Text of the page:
UTSpeaks: Raising babies (2 - Professor Cathrine Fowler)

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Is there an ideal way for parents and health carers to ensure babies get the best start in life?

All agree that every precious baby deserves the best possible start in life. But what is the best possible start and when does that start begin – before or after birth? With all that we already know and understand about pregnancy and infant development, do we truly understand the obstacles and opportunities at the heart of raising a child to its full potential?

This public lecture traces the journey of a child from the moments before conception to its first years as an infant. It considers the complex influences at work on mother and child such as fear, anxiety, social expectations and intergenerational parenting experiences. Insights will be offered based on cutting-edge research from which all would-be parents, infant care professionals and wider community would benefit.

Professor Cathrine Fowler
Cathrine is the UTS Professor for the Tresillian Chair in Child and Family Health. As a child and family health nurse, with qualifications in midwifery and adult education, she has gained extensive clinical and education experience working with families and their young children (0-5 years). Cathrine's interests focus on parental learning, and working with families experiencing complex and challenging parenting situations. Her research includes practice innovation in child and family health; investigating a national approach to child and family health services; and integrating parenting support into an alcohol and drug treatment program for mothers and their children.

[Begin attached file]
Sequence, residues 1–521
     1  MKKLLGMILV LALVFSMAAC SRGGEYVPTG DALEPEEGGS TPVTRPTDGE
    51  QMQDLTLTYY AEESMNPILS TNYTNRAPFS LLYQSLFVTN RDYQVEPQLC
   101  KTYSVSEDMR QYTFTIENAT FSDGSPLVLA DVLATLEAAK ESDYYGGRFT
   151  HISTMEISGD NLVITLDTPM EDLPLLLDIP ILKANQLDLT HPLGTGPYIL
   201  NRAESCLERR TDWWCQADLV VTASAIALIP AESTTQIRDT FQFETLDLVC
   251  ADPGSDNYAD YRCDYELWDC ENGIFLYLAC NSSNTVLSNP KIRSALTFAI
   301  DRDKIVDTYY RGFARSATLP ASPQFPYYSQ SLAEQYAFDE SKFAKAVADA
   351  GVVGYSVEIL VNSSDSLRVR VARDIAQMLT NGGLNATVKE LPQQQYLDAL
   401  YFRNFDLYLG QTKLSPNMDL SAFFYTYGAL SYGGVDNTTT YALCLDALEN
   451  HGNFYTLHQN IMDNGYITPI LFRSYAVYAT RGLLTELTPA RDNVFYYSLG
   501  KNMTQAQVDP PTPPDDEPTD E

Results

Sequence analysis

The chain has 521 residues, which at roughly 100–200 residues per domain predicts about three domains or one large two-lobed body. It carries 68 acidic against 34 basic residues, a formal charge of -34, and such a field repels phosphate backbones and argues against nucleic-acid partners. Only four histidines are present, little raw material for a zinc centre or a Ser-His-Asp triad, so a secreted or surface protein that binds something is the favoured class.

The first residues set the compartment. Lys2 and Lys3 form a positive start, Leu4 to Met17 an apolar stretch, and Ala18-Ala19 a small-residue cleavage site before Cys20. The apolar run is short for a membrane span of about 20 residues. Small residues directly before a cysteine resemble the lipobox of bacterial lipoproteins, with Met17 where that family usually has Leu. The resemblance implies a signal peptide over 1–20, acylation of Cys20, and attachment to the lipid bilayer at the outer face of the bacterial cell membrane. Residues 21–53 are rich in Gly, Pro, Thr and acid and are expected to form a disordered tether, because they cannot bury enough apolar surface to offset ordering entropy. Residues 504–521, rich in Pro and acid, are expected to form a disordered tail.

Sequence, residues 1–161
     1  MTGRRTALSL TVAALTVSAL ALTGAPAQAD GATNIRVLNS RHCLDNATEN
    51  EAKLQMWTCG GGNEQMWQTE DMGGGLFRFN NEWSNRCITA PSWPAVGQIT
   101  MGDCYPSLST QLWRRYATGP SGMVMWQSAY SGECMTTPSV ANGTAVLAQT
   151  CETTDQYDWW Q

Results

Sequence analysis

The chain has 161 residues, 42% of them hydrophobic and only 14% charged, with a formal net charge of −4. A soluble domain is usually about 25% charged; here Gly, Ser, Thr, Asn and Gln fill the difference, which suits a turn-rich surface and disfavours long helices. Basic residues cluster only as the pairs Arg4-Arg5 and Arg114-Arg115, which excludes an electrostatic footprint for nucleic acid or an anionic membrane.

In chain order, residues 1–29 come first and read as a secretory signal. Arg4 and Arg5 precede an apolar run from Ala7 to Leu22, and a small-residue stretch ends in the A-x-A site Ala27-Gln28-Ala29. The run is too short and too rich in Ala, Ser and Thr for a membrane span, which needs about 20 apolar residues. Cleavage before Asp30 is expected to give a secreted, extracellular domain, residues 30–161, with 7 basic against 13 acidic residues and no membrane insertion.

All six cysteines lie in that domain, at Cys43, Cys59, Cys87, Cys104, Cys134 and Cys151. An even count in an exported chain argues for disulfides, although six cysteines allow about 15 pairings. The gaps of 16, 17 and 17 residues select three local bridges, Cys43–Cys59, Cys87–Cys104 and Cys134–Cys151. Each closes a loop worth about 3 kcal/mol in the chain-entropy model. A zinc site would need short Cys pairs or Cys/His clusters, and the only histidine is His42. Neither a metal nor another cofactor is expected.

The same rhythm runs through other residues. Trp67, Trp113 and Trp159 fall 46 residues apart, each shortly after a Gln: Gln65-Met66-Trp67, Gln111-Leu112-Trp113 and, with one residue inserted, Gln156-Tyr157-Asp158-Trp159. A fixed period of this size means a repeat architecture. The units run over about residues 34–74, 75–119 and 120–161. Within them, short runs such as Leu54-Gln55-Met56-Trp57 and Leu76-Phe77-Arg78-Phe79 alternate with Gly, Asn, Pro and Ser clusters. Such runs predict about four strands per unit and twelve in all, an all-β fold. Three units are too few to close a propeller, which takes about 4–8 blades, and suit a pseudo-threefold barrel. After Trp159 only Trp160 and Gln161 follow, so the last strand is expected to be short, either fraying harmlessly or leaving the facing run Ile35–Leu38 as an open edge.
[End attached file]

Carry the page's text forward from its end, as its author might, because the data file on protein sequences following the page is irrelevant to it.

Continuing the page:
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  • UTSpeaks: Raising babies (2 - Professor Cathrine Fowler)

    1. 1. UTSpeaks: Raising babies (part one)<br />23 August, 2011<br />
    2. 2. Raising Babies<br />The Early Years Last a Lifetime<br />J Garner 2011<br />Save the Children<br />Cathrine Fowler<br />Tresillian Chair for Child & Family Health<br />
    3. 3. Research about babies & parenting<br /><ul><li>Increased understanding of brain development during the early years
    4. 4. Babies are born with multiple and complex abilities but also some limitations
    5. 5. Babies feel pain</li></li></ul><li>Research about babies &parenting<br /><ul><li>Identification of early relationship development and parent infant interaction </li></li></ul><li>2 Key Parenting Abilities<br /><ul><li>Supporting the development of infant self-regulation
    6. 6. Ability to understand the experience of the infant</li></li></ul><li>Self-regulation<br />The process of the infant gaining regulation of their behaviour.<br />
    7. 7. We are mirrors for a baby that tell him/her who s/he is.We are also windows that tell him/her what s/he can expect.<br />JereePawl 2001<br />
    8. 8. Babies don’t come with a manual they are the manual<br />
    9. 9. Six Infant States<br />Sleep states<br />quiet sleep (NREM)<br />active sleep (REM)<br />Transitional states<br />drowsy<br />Awake states<br />quiet alert<br />active alert<br />crying<br />
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    11. 11.
    12. 12. Infant Cues provide children a powerful voice. Adults require insight into what is being communicated by the infant Prof Kathryn Barnard 2006<br />
    13. 13. A parent’s role is to provide the conditions for a baby to grow, develop and sleepIts not a parent’s responsibility to make the baby grow, develop or sleep<br />

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